Coat of arms of the London Borough of Hammersmith and Fulham
The coat of arms of the London Borough of Hammersmith and Fulham was granted to the then London Borough of Hammersmith on 1 March 1965, but the motto changed languages in 1969. The subsequent change of names to Hammersmith and Fulham 13 on 1 January 1980 did not affect the arms.
The wavy lines in the main field of the shield is taken from the coat of arms of the former Metropolitan Borough of Fulham and is a symbol for the River Thames and its water. The hammers and horseshoe are a pun on the name of Hammersmith and comes from the coat of arms of the former Metropolitan Borough of Hammersmith. There were also horseshoes in the arms of Sir Nicholas Crispe, Bt, whose works in Hammersmith in the 17th Century contributed significantly to the growth of the town. The red chief has charges from the coat of arms of the former Fulham arms. The crossed swords are taken from the coat of arms of the Diocese of London and the mitre stands for the Bishop of London, since the Parishes of Fulham and Hammersmith used to constitute a manor belonging to the bishop.
The wreath under the crest is in silver and sanguine and the sail, flags and pennons on the Viking ship in the crest are also in sanguine. Sanguine, a deep, dark red colour, is not a common colour in heraldry and is rightly not even a colour but a "stain". Why there is sanguine in these arms are not officially explained but perhaps because of the old arms of Hammersmith which, though blazoned red (gules), used to be depicted in a deep pink colour, or perhaps signifying the bloodthirst of the Vikings. The mantling has the blue and silver tinctures of Fulham. The crest consists of a mural crown, a common heraldic symbol for a town or a city, and the aforementioned ship, which was brought from the former arms of Fulham and signifies the 879 AD landing of Danish Vikings at what now is Fulham.
The supporters are male griffins, their gender easily spotted since they are wingless, whereas female griffins, which are more common beasts in heraldry, have wings. The griffins are irradiated or, which means they have bursts of golden rays coming out from their bodies. They may symbolize dynamism or vigilance. The griffins have a cross crosslet and an escallop shell respectively hanging around their necks. The cross is from the coat of arms of Edward Latymer, who died in 1626 and left lands for the benefit of the poor in Hammersmith and for the education of poor boys. The escallop is for George Pring, a surgeon in Hammersmith who projected the first Hammersmith Bridge over the Thames, but he died three years before the project was completed in 1827. This suspension bridge contributed greatly to the town's development, opening for new markets on both sides of the river; it was replaced by a new suspension bridge at the same site in 1887, the still standing, present Hammersmith Bridge. In the coat of arms of the former Metropolitan Borough of Hammersmith, the cross crosslet and the escallop shell were used as charges on the shield.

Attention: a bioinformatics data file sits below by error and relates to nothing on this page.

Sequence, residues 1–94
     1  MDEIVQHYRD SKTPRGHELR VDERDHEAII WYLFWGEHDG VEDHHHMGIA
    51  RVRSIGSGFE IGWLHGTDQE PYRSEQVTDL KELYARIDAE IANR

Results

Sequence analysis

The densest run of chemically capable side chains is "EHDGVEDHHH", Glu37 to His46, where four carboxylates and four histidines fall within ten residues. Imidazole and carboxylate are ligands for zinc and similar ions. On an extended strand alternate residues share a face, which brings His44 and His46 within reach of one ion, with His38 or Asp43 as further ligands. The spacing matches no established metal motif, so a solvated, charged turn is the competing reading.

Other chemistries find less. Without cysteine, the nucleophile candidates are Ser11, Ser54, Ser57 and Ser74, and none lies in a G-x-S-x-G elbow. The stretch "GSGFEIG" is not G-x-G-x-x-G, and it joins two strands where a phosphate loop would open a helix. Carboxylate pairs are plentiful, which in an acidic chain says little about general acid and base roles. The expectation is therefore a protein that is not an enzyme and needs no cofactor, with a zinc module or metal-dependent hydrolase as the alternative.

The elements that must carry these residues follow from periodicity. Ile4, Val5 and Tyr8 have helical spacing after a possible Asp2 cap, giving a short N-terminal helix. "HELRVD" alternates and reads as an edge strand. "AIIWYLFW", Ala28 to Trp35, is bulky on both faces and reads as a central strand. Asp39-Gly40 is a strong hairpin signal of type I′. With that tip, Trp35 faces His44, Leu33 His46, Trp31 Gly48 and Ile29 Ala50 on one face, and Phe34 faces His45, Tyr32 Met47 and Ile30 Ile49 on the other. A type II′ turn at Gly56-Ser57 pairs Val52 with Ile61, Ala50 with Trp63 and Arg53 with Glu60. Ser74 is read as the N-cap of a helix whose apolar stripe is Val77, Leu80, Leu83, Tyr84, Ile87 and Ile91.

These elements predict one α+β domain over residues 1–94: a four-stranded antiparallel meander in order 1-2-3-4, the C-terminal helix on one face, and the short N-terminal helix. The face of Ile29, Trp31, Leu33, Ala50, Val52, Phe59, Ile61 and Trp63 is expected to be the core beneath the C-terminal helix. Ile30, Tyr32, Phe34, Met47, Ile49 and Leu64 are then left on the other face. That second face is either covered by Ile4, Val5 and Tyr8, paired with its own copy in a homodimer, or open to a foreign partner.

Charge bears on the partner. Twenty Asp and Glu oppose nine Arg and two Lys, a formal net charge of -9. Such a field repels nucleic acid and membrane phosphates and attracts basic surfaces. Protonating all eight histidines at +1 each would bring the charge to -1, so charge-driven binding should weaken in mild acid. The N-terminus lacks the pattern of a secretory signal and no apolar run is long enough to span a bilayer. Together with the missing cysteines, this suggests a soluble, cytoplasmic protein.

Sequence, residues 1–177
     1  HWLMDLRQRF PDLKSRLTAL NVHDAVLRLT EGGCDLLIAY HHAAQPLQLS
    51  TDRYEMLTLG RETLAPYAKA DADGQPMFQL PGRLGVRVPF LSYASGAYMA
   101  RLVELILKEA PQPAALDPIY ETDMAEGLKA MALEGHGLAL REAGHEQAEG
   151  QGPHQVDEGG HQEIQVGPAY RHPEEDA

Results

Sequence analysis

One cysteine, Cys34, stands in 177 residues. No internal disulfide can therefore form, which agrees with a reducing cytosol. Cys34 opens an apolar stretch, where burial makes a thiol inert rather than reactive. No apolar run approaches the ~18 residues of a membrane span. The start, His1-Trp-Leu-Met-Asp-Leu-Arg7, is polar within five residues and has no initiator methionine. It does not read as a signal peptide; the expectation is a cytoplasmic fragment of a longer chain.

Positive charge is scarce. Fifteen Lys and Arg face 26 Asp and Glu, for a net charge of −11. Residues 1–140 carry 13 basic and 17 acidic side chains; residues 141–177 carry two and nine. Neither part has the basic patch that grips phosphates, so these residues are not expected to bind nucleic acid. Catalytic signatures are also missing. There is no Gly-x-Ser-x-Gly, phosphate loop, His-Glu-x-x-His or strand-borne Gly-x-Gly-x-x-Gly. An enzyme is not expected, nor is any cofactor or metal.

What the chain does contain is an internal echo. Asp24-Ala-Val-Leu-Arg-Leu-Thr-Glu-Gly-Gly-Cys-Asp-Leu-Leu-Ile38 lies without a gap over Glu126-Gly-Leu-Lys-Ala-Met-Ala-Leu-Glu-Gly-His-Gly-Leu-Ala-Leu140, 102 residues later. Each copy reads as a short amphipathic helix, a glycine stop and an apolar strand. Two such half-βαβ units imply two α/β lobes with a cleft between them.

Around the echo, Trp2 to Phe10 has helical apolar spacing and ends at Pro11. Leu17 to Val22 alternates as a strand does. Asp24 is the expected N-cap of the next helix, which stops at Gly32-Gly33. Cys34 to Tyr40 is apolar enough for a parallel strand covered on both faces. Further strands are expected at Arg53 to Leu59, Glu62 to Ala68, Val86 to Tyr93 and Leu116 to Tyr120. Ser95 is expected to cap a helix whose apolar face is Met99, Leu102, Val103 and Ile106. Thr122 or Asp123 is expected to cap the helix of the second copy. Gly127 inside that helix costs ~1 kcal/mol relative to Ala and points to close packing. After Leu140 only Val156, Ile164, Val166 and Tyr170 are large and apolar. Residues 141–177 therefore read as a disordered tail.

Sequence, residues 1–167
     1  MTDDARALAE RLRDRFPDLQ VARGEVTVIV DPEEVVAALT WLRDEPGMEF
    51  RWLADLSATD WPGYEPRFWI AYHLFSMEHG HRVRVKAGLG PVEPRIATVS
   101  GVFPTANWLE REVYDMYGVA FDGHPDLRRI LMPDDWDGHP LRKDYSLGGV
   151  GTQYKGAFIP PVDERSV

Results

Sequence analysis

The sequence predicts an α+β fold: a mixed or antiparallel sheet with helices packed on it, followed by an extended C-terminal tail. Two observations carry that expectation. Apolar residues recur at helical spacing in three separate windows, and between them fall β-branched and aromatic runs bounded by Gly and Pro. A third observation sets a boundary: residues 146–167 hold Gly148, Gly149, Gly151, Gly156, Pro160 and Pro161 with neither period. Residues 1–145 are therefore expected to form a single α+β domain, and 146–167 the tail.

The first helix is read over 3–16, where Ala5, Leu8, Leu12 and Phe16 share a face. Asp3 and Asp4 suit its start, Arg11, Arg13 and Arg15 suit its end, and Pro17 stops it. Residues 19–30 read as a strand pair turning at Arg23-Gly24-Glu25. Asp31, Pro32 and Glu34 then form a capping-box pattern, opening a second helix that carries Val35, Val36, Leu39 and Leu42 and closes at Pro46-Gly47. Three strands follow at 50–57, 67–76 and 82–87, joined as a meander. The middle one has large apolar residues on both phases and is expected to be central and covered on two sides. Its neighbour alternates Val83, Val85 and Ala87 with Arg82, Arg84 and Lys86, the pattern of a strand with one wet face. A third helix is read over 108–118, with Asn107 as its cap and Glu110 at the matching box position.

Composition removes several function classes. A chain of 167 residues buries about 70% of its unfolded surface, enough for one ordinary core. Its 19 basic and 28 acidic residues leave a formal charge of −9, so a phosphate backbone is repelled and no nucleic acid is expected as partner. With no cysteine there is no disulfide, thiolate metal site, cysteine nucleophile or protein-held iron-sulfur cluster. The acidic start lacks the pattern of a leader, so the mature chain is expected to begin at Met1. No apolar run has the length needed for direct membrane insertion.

The original motto of 1965 was 'judge by our labour', but in 1969 the borough changed this to the present "spectemur agendo", Latin for the same phrase, even if the borough officially translates it as 'let us be judged by our actions'. The Metropolitan Borough of Hammersmith had used the same motto in Latin too.
Arms : Barry wavy Argent and Azure two Hammers in saltire interlaced with a Horseshoe Or on a Chief Gules two Swords in saltire proper hilts and pomels Or a Mitre of the last.
Crest : On a Wreath Argent and Sanguine out of a Mural Crown of six Turrets Or an ancient Ship oars in action Sable sail set flags and pennon flying Sanguine the sail charged with two Hammers in saltire interlaced with a Horseshoe Or; Mantled Azure doubled Argent.
Supporters : On each side a Male Griffin Gules beaked and irradiated Or armed and langued Azure each gorged with a Cord Or pendent from that of the dexter an Escallop and from that of the sinister a Cross Crosslet Argent.
Motto : 'SPECTEMUR AGENDO' - Let us be judged by our actions.
Badge: Two Hammers in saltire interlaced with a Horseshoe Or.
- Heraldry of the World: Hammersmith and Fulham
- Civic Heraldry of England and Wales: Hammersmith and Fulham lb